Stamping out junk fees in California: Legislation approved by lawmakers, heads to Newsom

Democratic state Senators Bill Dodd, of Napa, left, and Richard Roth, of Riverside, talk at the Capitol.
State Sen. Bill Dodd (D-Napa), center, with Sen. Richard Roth (D-Riverside) at the state Capitol, sponsored the bill to outlaw junk fees.
(Rich Pedroncelli / Associated Press)
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Junk fees, those tacked-on costs that often come as a nasty surprise to consumers, are set to be banned in California next year.

All that’s left is a signature from Gov. Gavin Newsom after Senate Bill 478 received final approval from state legislators on Tuesday.

The bill, sponsored by Sens. Bill Dodd (D-Napa) and Nancy Skinner (D-Berkeley) and backed by Atty. Gen. Rob Bonta, would outlaw hidden charges, commonly encountered during online purchases.


Businesses would be forced to advertise the true cost of a purchase rather than enticing consumers with a low price, then hitting them with a raft of fees.

Companies that do not comply could face steep financial penalties.

Junk fees have been a particular problem in the travel and entertainment industries, with tickets and hotel rooms advertised at one price but ending up costing much more once “service” or “processing” fees are added on.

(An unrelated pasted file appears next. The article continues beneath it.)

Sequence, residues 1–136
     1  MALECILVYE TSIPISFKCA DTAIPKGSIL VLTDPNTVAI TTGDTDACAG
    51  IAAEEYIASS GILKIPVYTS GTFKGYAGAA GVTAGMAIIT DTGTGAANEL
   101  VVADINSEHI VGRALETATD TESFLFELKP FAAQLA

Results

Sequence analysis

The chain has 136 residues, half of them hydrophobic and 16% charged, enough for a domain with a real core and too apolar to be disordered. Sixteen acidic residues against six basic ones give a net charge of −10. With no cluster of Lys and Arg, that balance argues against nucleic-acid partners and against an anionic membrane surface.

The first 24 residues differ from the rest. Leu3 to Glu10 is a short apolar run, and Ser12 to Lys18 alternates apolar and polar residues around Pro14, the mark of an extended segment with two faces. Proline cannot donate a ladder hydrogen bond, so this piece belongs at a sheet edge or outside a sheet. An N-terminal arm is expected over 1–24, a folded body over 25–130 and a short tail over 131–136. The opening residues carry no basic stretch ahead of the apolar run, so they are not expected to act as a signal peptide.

“For too long, Californians have been hit with dishonest charges being tacked on to seemingly everything,” Dodd said in a release. “It is time we put the consumer first and create a level playing field for those businesses that advertise the real price, up front.

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Bonta called the passage a “win for Californians.”

“I am sponsoring this bill to stop hidden fees because the price consumers see should be the price consumers pay,” Bonta said in a release.

The California Justice Assn., whose members include businesses, pushed back on the law. In a statement, the association said the bill was redundant.

“California already has a law that allows both public attorneys or private individuals to sue businesses who utilize false advertising,” the association wrote. “In short: for situations where an advertisement misstates a price for any good or service by failing to include mandatory fees or misleading a consumer, an action under the (false advertising law) could already be brought by either public prosecutors or private counsel.”


Biden, in his State of the Union address earlier this year, also called out the practice of adding hidden fees, promoting the Junk Fee Prevention Act.

“My administration is also taking on junk fees, those hidden surcharges too many businesses use to make you pay more,” Biden said in the address. “For example, we’re making airlines show you the full ticket price upfront and refund your money if your flight is canceled or delayed.

“Junk fees may not matter to the very wealthy,” he said, “but they matter to most folks in homes like the one I grew up in.”

According to Dodd’s office, Americans pay a total of $28 billion in junk fees per year, with 85% of Americans encountering the practice.

If signed by Newsom, the bill would take effect on July 1, 2024.